For example, consider this passage in the Los Angeles Times daily on the Oscars broadcast:
Matthew McConaughey, who lost some 40 pounds to star in (and persuade reluctant financiers to back) the AIDS drama "Dallas Buyers Club," was the lead actor winner.
"Every day, every week, every month and every year of my life my hero is always 10 years away," McConaughey said of how he keeps chasing himself. "I'm never going to be my hero ... that's just fine with me because that keeps me with somebody to keep on chasing."
Now what in the world does that mean, when unplugged from his references to faith and family? It almost seems that the actor, whose private life certainly seems to have evolved in recent years, is saying that he is trying to grow up -- the context appears to be spiritual maturity -- and become a man who is more worthy of the love of God, his wife, his family and, ultimately, himself. Can he complete this race? He knows that this is beyond his own efforts, but the goal is to try.
So have a blessed Lent, Mr. McConaughey.
Now, I realize that journalists could not stop the Oscars train last night and try to write a story about this actor's private life. However, this was one of the more interesting acceptance speeches of the night and it appears to have created a bit of a hushed silence, followed by a buzz. Was this man actually saying that he is some kind of a, well, Christian?
Of course, it has been two years since the paparazzi literally chased McConaughey and his fiance (at that time) after church during the Cannes Film Festival. That led to this material in The Daily Mail:
The couple that prays together, stays together.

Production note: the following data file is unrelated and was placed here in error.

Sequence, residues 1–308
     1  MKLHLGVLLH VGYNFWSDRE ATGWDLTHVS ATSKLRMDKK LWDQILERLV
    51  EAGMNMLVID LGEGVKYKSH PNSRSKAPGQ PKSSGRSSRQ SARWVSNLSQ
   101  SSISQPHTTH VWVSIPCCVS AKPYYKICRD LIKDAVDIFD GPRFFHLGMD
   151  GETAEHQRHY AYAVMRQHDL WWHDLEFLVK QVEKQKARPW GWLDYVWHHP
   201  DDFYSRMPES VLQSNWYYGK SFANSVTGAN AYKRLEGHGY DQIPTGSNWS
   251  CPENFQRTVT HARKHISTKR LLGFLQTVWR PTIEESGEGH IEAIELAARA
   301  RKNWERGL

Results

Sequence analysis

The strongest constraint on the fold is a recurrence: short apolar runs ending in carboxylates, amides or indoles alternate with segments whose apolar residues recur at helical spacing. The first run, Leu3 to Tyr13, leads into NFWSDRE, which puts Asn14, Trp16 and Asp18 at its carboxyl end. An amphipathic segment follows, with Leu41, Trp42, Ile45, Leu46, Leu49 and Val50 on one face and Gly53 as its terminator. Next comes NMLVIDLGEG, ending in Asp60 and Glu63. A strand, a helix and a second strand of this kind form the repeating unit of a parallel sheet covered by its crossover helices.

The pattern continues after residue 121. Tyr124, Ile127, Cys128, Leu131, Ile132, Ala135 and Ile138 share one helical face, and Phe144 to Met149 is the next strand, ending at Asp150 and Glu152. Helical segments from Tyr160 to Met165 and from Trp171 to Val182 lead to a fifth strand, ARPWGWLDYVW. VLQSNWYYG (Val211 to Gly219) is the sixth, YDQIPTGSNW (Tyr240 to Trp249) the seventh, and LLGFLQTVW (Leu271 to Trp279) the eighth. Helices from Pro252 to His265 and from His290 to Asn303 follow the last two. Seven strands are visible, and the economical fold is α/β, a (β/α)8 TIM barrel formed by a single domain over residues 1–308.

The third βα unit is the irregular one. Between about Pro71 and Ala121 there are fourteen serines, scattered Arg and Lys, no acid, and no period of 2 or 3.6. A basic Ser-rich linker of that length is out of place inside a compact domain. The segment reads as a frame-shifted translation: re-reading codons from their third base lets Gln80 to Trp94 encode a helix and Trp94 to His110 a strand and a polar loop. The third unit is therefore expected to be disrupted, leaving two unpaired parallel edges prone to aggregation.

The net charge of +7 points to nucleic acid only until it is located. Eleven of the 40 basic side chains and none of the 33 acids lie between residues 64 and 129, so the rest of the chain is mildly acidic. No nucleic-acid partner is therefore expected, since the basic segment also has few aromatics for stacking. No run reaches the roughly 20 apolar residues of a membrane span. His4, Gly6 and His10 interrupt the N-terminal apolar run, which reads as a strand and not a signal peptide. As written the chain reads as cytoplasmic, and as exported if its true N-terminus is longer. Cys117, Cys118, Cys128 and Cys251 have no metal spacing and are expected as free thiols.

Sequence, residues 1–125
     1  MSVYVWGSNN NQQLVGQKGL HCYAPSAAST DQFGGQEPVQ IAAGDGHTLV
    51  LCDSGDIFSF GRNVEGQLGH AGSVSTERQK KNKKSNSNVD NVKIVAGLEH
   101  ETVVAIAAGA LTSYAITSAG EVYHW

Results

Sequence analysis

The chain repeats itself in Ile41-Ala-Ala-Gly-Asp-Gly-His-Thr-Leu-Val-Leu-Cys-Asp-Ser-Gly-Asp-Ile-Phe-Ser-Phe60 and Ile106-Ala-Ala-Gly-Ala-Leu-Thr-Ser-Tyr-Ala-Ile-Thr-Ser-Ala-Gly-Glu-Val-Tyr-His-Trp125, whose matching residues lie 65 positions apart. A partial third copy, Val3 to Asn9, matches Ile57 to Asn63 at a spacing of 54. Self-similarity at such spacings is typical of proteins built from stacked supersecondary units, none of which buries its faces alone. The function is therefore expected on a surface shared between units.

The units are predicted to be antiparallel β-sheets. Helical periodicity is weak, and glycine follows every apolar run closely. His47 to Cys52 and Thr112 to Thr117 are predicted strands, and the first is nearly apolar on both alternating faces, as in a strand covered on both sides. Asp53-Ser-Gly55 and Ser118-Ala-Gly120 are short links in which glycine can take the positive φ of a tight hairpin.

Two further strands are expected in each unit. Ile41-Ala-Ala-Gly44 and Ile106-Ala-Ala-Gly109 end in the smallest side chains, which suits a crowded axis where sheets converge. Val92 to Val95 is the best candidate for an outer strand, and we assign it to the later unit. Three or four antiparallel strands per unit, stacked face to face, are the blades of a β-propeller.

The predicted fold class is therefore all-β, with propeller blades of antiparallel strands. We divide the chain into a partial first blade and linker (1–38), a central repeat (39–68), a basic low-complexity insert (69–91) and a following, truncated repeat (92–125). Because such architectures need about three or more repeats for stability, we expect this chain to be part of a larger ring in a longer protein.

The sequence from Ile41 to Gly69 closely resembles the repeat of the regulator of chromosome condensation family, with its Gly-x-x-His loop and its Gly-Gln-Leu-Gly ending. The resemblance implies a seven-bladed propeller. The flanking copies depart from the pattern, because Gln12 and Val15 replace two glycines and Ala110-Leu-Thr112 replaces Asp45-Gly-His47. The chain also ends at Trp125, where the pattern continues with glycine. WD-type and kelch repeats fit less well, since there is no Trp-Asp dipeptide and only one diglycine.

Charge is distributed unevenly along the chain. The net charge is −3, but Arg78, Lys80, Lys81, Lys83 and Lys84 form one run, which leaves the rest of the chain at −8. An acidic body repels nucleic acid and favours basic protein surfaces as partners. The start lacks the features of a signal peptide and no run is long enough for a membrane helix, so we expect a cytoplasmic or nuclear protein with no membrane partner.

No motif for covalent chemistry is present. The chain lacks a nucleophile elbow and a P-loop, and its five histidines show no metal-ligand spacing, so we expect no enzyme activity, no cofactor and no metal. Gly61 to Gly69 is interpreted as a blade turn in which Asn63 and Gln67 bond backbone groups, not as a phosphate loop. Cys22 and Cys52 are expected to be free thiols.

Matthew McConaughey and his long-term love Camila Alves were spotted leaving a Cannes church together yesterday. ...
The Christian couple, who originally met at a Los Angeles bar in 2006, are regularly seen attending mass with their two children, three-year-old son Levi and two-year-old daughter Vida, at a church near their $4 million, seven-bedroom home in Austin, Texas.
Yes, there is a bit more on the family angle:
According to Camila, marriage is more a formality to the life they already built together. 'We've been living a married life this whole time,' the brunette beauty said.
'A lot of people, sometimes they're so stuck on "I gotta get married, I gotta get married." They forget that the really important thing is to have a healthy home, a healthy family, a healthy environment for your kids and to have everything going in a good, peaceful way.'
However, Camila added that solidifying their bond legally is definitely a good thing for their children.
Lots of interesting information in there, including the regular Mass attendance.
So if a journalist attempted to follow up on the content of the Oscar speech, after looking at the connections between the three sections of the text, would it help or hurt McConaughey in postmodern Hollywood?
Just asking. This could be an interesting story. Stay tuned.